In the field of consciousness, I still file under FBS the idea of simulating the mind on a conventional computer, let alone the idea of brain uploading. However, note there is here at least some physicality to these ideas. I do see them as open questions, whereas I see the book as (provisionally) closed on SUSY and some of the other physics FBS.

Bottom line, if there’s no data making an unequivocal statement, it’s fantasy bullshit. I’m not saying I’m necessarily opposed to it, but I just can’t treat it like it’s real anymore. I can’t take it seriously.

§ §

This probably won’t change the nature of my posts that much; I’ve never been one for FBS.

[For examples: I’ve enjoyed the Renaissance Faire but never in costume (maybe a hat), and I don’t much play the game of speaking Medieval. I’ve enjoyed science fiction conventions, but, again, never in costume (maybe a hat). I haven’t worn a Halloween costume since my 20s (sometimes a hat, though). I’m just not into dress up (but I do like hats).]

So there will be posts about physics and math. People with math phobia also interest me. The phobia is real, but I wonder if it can be corrected. Most importantly, can it be prevented in children before it happens? (The truth is, the dreaded trigonometry is actually dead easy. We need better teachers.)

I started writing about algorithms in detail some time ago, and I’d like to pick up that thread again.

There are some especially geeky posts I’ve got planned. One about the Bell Ringer’s code (as potentially a literal code); another about the X-Bar switch (part of my fascination with telephone switching equipment and relay logic).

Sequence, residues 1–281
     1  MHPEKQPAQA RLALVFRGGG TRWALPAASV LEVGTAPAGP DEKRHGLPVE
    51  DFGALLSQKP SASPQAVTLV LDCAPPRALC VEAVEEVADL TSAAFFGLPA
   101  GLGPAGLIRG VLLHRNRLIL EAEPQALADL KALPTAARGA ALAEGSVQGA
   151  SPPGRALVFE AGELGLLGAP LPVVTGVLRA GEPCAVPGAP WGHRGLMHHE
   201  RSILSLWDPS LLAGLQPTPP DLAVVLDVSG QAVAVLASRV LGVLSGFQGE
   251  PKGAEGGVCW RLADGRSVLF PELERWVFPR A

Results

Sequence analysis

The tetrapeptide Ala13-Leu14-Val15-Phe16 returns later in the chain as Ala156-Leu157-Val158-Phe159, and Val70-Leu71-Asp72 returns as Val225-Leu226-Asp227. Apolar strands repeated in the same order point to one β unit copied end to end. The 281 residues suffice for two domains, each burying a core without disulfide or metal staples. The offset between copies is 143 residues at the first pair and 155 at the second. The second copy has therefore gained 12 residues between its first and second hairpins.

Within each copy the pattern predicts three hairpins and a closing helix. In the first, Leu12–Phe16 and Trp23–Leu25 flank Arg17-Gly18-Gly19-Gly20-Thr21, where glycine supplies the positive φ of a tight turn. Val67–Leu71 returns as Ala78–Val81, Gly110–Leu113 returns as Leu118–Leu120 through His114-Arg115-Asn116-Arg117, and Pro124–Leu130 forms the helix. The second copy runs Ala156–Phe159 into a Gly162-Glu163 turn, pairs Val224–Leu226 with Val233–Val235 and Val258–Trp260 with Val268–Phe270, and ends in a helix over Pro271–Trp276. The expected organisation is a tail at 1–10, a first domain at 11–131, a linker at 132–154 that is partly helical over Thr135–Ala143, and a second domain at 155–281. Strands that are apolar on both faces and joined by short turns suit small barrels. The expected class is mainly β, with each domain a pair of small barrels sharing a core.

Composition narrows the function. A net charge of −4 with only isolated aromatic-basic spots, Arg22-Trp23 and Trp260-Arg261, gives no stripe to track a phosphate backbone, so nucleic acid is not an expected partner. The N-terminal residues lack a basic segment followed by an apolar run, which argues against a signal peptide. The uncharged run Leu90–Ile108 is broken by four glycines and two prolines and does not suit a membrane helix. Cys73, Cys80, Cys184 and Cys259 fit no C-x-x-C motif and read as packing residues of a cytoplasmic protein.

Baseball in 2021 is a question mark both objectively and subjectively. Even given how messed up this year was in nearly all regards, I was still surprised by my disengagement with baseball. It was the first year I didn’t use my Python stats suite (not fully, anyway, just some for the Twins).

Does this signal a downward arc, or was it just 2020? Hard to say given how weird and upsetting last year was.

I’ve been wanting for some time to return to talking about religion and spirituality. I’m thinking of a new category, Sunday Sermons. (There are a lot of preachers in my family tree.) I’ve long been interested in the Yin/Yang of worldly/spiritual, and I’ve always meant to talk more about it here.

And, yes, I’m fully aware that spiritual pursuits, by my own definition, are fantasy bullshit, of course they are. So are science fiction and murder mysteries, which I love and couldn’t do without. The bullshit itself isn’t the problem; it’s taking it too seriously.

No one is expected to take me seriously, or even listen, when I talk about stuff like that. (Indeed, why take me seriously about any of this?)

§ §

I’ll end this with a bit of blog business and some stats and charts.